For months, the United Kingdom has been roiled by student protests standing up to the coalition government's attempt to sharply raise annual tuition at universities to up to £9,000 ($14,600). Now, a coalition of more than 90 artists, musicians, and creative figures have come together to make a statement of solidarity with the young protesters. The list includes some big names: visual artists Damien Hirst, Marc Quinn, and Rachel Whiteread; Clash rocker Mick Jones, Primal Scream frontman Bobby Gillespie, and Duran Duran keyboardist Nick Rhodes; and fashion designer Stella McCartney. And the form of solidarity offered is not just abstract -- it comes in the form of cash to pay the fines of persecuted and jailed students, thus encouraging further civil disobedience against the education fee hikes.
Artist Jake Chapman's "Can't pay your fees? We'll pay your fines!" campaign looks to fund payment of the fines incurred by student protestors in the UK. / Courtesy Flickr
The campaign, taking the name "Can't pay your fees? We'll pay your fines!", has been spearheaded by Jake Chapman, who announced it in a cover story for Dazed and Confused magazine last week. Known for his nightmarish installations with his brother Dinos, Chapman's work -- tableaux of mutant children, and defaced works by Francisco Goya -- has always expressed a grim view of the world, edged with punk-ish nihilism. With his fund, he has a very concrete target for his rage: The right-wing Tories led by David Cameron, and their Liberal-Democrat coalition partners, whom he describes as craven sell-outs, having courted support from the art community, which it then sold down the river by collaborating in a savage program of austerity.
A must-read feature on Chapman in the Evening Standard describes him as brimming over with rage at the tuition hikes. "I really don't believe it's an austerity measure," he says. "I think it is at the very root of Right-wing thinking, which is to disempower social mobility." Elsewhere in the interview the artist notes that his connection to the issue comes from personal experience, as he would not have been able to rise to where he is without financial assistance.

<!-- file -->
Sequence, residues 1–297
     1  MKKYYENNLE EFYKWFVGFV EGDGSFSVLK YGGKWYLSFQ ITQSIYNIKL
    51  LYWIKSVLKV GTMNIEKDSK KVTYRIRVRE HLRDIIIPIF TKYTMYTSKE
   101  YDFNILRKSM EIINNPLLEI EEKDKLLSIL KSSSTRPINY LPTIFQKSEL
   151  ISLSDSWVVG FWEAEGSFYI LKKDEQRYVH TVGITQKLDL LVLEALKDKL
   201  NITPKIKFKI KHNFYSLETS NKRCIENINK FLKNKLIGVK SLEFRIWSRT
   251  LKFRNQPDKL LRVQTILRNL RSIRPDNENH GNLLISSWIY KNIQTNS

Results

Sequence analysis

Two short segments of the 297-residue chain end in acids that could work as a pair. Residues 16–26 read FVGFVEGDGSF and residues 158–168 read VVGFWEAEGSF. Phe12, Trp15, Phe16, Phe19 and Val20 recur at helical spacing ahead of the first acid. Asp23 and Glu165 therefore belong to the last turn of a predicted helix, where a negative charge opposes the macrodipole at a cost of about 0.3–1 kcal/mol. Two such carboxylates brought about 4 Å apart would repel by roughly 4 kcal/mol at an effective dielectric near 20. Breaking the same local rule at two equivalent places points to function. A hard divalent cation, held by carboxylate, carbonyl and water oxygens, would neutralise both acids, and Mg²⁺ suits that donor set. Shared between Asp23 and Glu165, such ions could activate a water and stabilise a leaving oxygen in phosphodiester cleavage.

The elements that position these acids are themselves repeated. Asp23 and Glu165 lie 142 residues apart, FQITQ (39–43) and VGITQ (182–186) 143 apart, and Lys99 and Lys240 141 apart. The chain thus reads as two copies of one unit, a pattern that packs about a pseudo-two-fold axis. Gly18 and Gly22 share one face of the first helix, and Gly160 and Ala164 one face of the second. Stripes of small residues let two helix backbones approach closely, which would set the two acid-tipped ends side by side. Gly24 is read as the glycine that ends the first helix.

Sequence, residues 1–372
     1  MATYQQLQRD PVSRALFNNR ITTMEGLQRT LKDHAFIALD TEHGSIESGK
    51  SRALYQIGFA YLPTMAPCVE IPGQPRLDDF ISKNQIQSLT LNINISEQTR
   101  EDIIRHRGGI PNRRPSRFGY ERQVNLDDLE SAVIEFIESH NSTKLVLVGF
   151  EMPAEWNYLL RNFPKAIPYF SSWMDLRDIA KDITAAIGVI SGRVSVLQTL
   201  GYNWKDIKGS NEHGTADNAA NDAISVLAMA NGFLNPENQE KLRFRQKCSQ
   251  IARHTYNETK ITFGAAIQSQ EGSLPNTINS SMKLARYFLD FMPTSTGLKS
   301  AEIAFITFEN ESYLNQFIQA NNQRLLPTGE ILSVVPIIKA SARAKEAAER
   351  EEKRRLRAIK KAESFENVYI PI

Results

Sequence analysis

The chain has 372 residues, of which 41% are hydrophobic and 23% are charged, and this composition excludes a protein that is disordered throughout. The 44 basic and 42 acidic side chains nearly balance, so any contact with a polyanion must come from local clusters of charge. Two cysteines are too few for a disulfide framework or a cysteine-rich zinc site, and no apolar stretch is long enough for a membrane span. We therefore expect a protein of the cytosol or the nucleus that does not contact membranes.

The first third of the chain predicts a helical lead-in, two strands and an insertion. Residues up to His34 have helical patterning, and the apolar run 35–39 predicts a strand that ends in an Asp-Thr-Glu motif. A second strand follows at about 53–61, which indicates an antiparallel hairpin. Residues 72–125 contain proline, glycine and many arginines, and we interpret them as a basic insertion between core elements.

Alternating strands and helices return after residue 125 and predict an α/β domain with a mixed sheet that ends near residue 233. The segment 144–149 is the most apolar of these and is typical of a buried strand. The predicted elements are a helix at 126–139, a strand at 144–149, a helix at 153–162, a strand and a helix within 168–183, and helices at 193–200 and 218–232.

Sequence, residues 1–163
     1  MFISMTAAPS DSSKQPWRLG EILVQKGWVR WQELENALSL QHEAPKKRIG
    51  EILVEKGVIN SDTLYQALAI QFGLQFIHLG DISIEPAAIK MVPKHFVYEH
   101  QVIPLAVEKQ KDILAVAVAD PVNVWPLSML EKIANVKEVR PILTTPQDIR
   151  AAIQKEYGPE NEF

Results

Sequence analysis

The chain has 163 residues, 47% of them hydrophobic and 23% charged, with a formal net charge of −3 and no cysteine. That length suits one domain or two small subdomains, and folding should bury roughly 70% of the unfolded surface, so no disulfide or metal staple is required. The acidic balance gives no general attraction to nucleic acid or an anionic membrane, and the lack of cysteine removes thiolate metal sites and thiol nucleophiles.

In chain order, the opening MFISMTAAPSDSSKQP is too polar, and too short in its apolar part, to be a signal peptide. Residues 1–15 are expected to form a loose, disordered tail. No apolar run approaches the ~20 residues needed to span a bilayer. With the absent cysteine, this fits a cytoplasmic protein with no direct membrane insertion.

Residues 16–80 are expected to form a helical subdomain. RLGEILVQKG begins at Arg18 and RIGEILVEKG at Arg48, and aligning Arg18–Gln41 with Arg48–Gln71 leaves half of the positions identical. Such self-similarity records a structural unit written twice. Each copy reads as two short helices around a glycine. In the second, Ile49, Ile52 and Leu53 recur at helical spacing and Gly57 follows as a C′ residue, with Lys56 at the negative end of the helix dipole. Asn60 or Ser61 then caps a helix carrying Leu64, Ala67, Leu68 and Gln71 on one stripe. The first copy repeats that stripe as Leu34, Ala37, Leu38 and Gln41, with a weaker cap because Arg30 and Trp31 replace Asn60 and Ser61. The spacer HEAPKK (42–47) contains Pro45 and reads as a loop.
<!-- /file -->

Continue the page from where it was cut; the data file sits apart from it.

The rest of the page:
The most iconic images of student protest in the UK come from November, when student protesters stormed and vandalized Tory Party headquarters. "I can't promote violence because I would be arrested, that would be self-defeating," Chapman says when grilled about whether he supports such actions. "I absolutely have empathy for the degree of aggression and anger that those students have. I don't think they're role-playing, and I think the way that the media treats them is really outrageous, and it can only lead to even more of a sense of frustration."
Details of the charity art auction that will provide the funds for student protesters are still coming together, though it promises "exceptional works of art, unique memorabilia... and desirable artefacts from the great and the good." The Chapman brothers appear to be planning to make at least one major work for the sale, though a scheme to create collaborative artworks also seems to be something being discussed. Jake Chapman also says that he has had offers from bands willing to donate percentages of money raised by their gigs to the "Can't pay your fees? We'll pay your fines!" fund. If enough money is not raised at the auction, the artist has even offered to try to make up the difference himself.
Finally, Chapman is realistic about the meaning of the gesture: "If paying the fines mocks the judicial system and the Government, then it is worth doing it," he says. "And there is no other reason. If you think about it, we can't expunge those kids' criminal records, so the fine is the tip of the iceberg in terms of the effect on their futures. But for people like me who believe in state education and education for all as an absolute fundamental principle, there is nothing else I can do other than support it in this way."
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